On pandemic fatigue

Sweden is currently in the midst of a public crisis of confidence in the country’s leadership, especially as pertains to the handling of the Covid-19 pandemic. Two ministers and one Director General have been found to flout the public guidelines on the pandemic. Prime Minister Stefan Löfvén visited a shopping center before Christmas for some Christmas shopping, Minister of Justice Morgan Johansson did the same but after Christmas during a general sale the government had tried to stop – and then news reached us that the Director General responsible for Crisis Management had left the country to celebrate Christmas in Spain, on the Canary Islands.

Public reaction has been “social media harsh”, but surprisingly “mainstream media muted”. In the UK, Canada and Ireland public figures found in violation of the pandemic guidelines have been summarily fired and pushed out. In Sweden the odds are, right now, that there will be no consequences at all for any of the three. Let’s put that in numbers – there is a less than a 10% chance that Morgan Johansson will have been fired or stepped down before end of January. There is a less than 1% chance that Stefan Löfvén will be voted out of office by that same timeline. The probability that Dan Eliasson is sacrificed is slightly higher – but no higher than 20%.

There are several things to unpack here — the Swedish exceptionalism, the real reason the opposition is quiet, the reasons normally intelligent people act in this way — and all of them seem related to a somewhat amorphous phenomenon that we have heard referred to as “pandemic fatigue”.

Pandemic fatigue can be summed up as the general feeling that the restrictions put on society in order to manage the pandemic are simply too much, or have been going on for too long. It is the collective “enough already!” that simmers beneath a lot of the public debate, and is increasingly finding its way into the leadership ranks as well. The vaccine is here, and that has just worsened the feeling that the restrictions we see are overbearing and unnecessary.

Viruses infect human bodies, Pandemics infect institutions.

The phenomenon of pandemic fatigue is one of collective attention, and is interestingly related to our ability to interact with institutions. John Searle famously noted that institutions are objects of collective intentionality, and the pandemic has emerged as a core central institution in our societies. It competes as capital P Pandemic with other institutions, such as the Economy, Freedom and Solidarity. It interferes with Law and Democracy, and has started to influence the overall dynamic between electorate and the overall governance of our democracies.

The emergence of the pandemic as institution has shown philosophers like Agamben to be profoundly mistaken. The idea that Power manufactures crisis to keep society in constant state of emergency is simply not true – what we see instead is that crisis generates competing institutions. The difference is stark – in a state of emergency all institutions are put on hold, suspended, but what we see is rather than institutions are reframed in the light of the specific form that this crisis has taken.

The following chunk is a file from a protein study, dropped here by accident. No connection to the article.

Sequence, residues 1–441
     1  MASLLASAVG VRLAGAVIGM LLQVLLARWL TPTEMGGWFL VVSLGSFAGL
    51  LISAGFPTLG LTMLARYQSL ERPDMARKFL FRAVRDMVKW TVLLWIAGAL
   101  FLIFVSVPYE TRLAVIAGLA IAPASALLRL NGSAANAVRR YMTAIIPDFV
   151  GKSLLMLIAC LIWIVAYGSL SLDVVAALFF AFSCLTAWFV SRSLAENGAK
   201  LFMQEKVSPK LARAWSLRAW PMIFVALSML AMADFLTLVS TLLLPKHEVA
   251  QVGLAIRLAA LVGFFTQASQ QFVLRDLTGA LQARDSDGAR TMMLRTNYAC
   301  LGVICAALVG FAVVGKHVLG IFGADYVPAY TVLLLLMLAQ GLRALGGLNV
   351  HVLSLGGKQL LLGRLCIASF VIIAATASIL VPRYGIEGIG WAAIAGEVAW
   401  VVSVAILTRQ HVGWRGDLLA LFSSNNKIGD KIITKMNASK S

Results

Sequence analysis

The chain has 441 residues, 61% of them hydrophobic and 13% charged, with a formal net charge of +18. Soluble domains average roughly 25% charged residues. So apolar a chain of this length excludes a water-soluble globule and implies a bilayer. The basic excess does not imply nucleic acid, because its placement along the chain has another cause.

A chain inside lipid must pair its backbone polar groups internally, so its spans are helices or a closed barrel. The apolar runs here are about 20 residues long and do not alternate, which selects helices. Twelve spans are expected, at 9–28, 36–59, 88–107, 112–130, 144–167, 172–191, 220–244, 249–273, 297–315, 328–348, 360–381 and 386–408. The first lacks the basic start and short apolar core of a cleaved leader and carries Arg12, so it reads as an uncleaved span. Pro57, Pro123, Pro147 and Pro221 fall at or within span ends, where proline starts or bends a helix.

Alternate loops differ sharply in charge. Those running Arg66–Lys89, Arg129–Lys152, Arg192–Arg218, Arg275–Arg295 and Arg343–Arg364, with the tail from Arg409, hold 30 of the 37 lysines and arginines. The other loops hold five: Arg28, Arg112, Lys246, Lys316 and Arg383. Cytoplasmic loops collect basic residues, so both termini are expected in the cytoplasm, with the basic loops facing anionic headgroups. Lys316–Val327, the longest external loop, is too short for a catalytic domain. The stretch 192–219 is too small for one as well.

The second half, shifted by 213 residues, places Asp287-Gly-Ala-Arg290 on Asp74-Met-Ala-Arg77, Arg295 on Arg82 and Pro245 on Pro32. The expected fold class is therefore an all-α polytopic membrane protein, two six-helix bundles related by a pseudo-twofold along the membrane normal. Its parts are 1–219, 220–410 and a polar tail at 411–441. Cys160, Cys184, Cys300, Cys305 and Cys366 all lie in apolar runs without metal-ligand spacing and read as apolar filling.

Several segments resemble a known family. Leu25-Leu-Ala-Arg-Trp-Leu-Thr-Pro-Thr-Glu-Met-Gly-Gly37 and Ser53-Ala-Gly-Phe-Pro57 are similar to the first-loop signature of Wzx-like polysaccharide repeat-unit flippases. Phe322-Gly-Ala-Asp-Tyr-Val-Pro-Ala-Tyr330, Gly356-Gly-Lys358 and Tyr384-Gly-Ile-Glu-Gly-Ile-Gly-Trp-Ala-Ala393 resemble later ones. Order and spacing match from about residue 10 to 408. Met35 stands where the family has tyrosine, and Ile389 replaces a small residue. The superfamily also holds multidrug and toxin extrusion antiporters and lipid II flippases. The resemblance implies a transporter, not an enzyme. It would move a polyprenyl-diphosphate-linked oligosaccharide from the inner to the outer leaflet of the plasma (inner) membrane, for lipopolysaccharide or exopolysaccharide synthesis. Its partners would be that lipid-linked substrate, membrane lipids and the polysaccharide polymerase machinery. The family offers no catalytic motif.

One reason is duration. This crisis has been longer than many others, and more acute – and this in itself is one reason that the reaction is so stark. Protests against restrictions are seen as unreasonable and crazy exhibits of irrational self-destructive behavior, but are really institutional tensions playing out in a power struggle between different centers of power.

The idea of a cure is always snake oil.

Now, let’s be clear: if we want to manage the pandemic responsibly, the restrictions, at least as they have been used in Sweden so far, are absolutely reasonable. The Swedish Corona-strategy is a negotiation of institutional tensions and epistemological uncertainties. Is it successful? We will see – and we will have to discuss that in-depth over the coming years. I have said I will have a view at the end of 2021, and intend to follow up then. But the point I am getting at here is different: the negotiation of institutional tensions has broken down, and as a result the strategy is essentially dead in the water.

The actions of the Swedish political leadership show that our leaders have lost all intentionality when it comes to the Pandemic as institution. Collective intentionality is breaking down. And this is the point at which the Swedish Government is finally getting emergency powers that will enable it to enforce much harsher restrictions. The harm this can do to the legitimacy of our democratic process cannot be overestimated.

Ok, let’s sum up.

The Pandemic is an emerging institution, dependent on collective intentionality. That intentionality is now breaking down – partly due to competition with other institutions, partly due to the lack of any intentionality from Swedish political leadership. This comes at a time where a new law will give Swedish government more power to enforce harder restrictions. The democratic harms that this risks creating are great – and suddenly the Pandemic starts infecting other institutions as well: Parliament, Government and Law. A weird meta-pandemic feeding on the break-down of the Pandemic as institution weakens institutions across the board. We will see a pandemic echo of sickness in our international and national institutions for a long time to come.

A virus infects human bodies, a pandemic infects institutions.

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